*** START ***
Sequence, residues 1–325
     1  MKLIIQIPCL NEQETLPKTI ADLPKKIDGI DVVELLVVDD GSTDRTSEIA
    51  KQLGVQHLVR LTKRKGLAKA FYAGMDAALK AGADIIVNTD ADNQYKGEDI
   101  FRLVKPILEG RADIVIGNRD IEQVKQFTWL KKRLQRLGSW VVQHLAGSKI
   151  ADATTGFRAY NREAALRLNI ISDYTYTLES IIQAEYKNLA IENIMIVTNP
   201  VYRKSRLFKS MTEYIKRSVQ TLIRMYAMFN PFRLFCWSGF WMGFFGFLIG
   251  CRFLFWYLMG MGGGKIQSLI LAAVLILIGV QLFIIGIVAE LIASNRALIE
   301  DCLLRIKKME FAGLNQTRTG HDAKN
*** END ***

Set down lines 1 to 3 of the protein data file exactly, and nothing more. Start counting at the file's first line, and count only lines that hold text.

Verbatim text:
Sequence, residues 1–325
     1  MKLIIQIPCL NEQETLPKTI ADLPKKIDGI DVVELLVVDD GSTDRTSEIA
    51  KQLGVQHLVR LTKRKGLAKA FYAGMDAALK AGADIIVNTD ADNQYKGEDI